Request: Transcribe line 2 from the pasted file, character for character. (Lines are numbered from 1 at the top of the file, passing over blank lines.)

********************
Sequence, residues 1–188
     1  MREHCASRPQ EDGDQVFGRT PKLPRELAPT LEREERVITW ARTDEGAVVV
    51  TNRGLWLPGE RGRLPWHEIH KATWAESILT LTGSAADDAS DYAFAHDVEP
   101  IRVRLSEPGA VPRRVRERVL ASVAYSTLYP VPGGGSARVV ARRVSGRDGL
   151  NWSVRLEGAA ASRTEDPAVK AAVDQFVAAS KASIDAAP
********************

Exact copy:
     1  MREHCASRPQ EDGDQVFGRT PKLPRELAPT LEREERVITW ARTDEGAVVV